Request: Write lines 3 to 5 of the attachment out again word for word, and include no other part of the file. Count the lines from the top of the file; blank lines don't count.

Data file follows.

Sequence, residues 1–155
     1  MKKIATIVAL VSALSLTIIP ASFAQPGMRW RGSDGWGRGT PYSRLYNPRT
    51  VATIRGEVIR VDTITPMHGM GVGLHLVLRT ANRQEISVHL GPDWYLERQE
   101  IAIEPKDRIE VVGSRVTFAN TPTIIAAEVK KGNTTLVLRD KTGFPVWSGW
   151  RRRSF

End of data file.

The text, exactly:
    51  VATIRGEVIR VDTITPMHGM GVGLHLVLRT ANRQEISVHL GPDWYLERQE
   101  IAIEPKDRIE VVGSRVTFAN TPTIIAAEVK KGNTTLVLRD KTGFPVWSGW
   151  RRRSF